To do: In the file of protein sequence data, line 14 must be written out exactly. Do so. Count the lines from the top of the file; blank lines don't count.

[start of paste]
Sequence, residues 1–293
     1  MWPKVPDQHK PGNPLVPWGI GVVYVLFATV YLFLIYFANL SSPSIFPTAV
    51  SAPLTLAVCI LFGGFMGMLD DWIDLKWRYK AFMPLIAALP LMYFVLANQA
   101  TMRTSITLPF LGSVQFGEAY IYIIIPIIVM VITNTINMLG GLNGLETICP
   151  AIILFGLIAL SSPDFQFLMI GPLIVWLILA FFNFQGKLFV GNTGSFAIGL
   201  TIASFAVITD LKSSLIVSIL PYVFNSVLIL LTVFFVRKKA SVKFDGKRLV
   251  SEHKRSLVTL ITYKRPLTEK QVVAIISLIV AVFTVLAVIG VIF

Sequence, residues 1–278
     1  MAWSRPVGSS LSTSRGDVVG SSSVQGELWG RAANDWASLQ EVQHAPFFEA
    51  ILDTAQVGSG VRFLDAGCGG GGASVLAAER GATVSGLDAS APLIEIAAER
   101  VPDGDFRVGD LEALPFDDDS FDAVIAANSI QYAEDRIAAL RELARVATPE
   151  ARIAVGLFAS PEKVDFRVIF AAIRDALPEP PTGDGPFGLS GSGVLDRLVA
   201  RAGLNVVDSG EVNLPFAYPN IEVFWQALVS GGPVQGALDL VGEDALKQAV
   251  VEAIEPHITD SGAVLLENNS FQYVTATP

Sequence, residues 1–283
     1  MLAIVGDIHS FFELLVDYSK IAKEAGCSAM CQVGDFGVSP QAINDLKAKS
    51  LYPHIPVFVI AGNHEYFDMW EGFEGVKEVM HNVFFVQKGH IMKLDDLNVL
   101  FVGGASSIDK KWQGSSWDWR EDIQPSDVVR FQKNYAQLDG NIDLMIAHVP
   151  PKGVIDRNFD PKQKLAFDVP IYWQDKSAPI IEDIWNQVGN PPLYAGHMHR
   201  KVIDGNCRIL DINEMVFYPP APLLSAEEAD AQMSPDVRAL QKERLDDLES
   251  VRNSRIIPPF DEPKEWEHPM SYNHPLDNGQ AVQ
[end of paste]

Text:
   251  VEAIEPHITD SGAVLLENNS FQYVTATP